Recently I have begun to focus my energies locally, inspired by the communities that I live among. My work has always been engaged with history and my sights are currently on the history of the Catskills; the place my partner and I call home. More specifically I am studying the history of Roxbury, where I have a studio. Of particular interest are the lives and careers of John Burroughs and Jay Gould, two men who grew up in this place at the same time but pursued very different careers. Burroughs the great naturalist and Gould the capitalist represent very different world views that continue to shape the nation and the world that we inhabit.


Amy Masters (painter)

In a Field, 24”x 24” oil on canvas, 2020

My most recent body of work centers around the idea of home and shelter. I had been exploring the iconic ‘house’ shape for many months, experimenting with its form and how accessible and recognizable it can be. When the pandemic forced so many of us inside and often isolated us, the house paintings took on a new and deeper meaning for me and pushed the work even further. The house became a symbol of safety; a shelter that protects but also isolates.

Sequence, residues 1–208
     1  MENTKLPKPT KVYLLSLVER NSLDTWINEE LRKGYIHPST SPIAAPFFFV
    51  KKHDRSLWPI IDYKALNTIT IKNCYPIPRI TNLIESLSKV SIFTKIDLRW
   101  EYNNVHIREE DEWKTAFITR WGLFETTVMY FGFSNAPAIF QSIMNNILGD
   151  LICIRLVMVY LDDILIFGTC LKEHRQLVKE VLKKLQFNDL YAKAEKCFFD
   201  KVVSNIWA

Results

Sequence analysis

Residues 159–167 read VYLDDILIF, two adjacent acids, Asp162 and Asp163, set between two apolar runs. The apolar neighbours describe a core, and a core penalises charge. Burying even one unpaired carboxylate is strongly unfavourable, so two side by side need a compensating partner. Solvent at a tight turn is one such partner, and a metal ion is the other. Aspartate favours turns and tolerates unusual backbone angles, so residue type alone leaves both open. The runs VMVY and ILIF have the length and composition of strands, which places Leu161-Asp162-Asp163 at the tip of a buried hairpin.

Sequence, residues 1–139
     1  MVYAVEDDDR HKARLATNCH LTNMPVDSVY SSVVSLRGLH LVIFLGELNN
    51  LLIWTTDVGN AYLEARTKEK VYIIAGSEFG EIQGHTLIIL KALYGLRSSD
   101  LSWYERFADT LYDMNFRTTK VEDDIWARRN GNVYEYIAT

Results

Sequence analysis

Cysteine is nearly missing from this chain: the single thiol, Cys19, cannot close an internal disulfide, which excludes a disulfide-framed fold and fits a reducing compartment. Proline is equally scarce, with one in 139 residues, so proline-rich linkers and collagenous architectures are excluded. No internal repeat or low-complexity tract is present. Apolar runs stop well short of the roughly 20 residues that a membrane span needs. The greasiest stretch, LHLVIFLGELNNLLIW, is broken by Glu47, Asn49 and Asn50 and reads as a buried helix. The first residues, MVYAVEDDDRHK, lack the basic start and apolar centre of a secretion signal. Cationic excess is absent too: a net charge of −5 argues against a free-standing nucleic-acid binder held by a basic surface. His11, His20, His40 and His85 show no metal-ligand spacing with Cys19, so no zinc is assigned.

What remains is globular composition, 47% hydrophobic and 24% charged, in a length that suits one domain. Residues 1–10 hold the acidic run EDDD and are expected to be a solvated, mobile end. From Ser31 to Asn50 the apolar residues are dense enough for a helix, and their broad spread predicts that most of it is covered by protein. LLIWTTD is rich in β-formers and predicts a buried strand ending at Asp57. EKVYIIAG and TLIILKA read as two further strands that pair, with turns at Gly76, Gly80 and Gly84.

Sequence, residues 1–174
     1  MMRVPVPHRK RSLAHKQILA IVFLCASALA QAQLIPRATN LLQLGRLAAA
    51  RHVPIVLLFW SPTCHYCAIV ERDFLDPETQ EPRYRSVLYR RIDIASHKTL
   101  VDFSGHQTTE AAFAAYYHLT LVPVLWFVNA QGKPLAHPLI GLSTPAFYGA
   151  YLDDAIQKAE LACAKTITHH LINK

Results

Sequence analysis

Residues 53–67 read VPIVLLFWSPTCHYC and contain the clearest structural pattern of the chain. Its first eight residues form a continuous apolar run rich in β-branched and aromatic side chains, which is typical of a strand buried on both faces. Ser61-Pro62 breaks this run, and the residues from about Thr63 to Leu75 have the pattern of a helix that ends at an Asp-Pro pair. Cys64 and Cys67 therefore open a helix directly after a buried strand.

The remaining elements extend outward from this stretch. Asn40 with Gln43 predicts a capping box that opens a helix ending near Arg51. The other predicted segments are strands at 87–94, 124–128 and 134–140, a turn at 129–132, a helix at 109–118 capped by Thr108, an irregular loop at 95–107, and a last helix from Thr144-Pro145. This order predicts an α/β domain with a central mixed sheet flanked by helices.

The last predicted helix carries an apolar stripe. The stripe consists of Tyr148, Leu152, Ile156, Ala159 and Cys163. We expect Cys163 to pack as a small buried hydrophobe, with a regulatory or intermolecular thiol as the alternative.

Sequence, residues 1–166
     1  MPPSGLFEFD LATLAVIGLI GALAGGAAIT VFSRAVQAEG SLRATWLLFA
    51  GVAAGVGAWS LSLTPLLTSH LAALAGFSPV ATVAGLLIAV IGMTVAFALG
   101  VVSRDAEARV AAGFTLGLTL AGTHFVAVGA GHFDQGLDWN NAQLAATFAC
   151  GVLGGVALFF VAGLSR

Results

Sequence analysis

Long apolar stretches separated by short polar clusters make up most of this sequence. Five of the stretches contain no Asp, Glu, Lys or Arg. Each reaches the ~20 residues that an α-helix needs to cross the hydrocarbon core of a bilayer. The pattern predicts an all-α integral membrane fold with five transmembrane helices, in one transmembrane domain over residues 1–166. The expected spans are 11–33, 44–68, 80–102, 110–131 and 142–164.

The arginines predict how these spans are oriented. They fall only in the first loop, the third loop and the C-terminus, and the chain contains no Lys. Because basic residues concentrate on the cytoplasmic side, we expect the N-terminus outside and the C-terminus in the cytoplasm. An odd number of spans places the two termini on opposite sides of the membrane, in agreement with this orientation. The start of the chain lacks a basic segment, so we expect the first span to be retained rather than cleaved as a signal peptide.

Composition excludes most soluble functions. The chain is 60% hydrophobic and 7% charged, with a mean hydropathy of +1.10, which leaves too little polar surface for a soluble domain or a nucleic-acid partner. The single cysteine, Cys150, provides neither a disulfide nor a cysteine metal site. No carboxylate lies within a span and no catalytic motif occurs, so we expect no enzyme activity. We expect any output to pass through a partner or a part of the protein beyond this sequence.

Gail Freund (painter, illustrator, and embroiderer)  

Catskill Beauty page from fabric Verso-Recto book, fabric paint and embroidery floss on linen, 8″ x 18″, 2020

It has been an unchartered time. Terribly sad, isolating, yet interesting. I was fortunate to have moved to the Catskills from New York City in 2016 and had already been familiar with leading a remote life in this beautiful region. Over the past year I had been missing social interaction and community, however. Pre-pandemic, I was working on a fabric book project called Verso-Recto at The Pine Hill Community Center. A few artists including Hedi Kyle and myself were meeting there regularly to work on our books. The pandemic put a stop to those meetings, but I continued to work independently at home. Because the book is heavily embroidered, I used to jokingly call it my “security blanket”. On the bright side, this was a rare occasion to literally have more time on my hands. Working on the book was meditative and handily portable. For three months last summer I had to take care of my 93-year-old mother in Long Island. It felt great to be able to bring this project with me.  


Lisbeth Firmin (painter)

Waiting, 16″ x 20″ oil on wood panel, 2020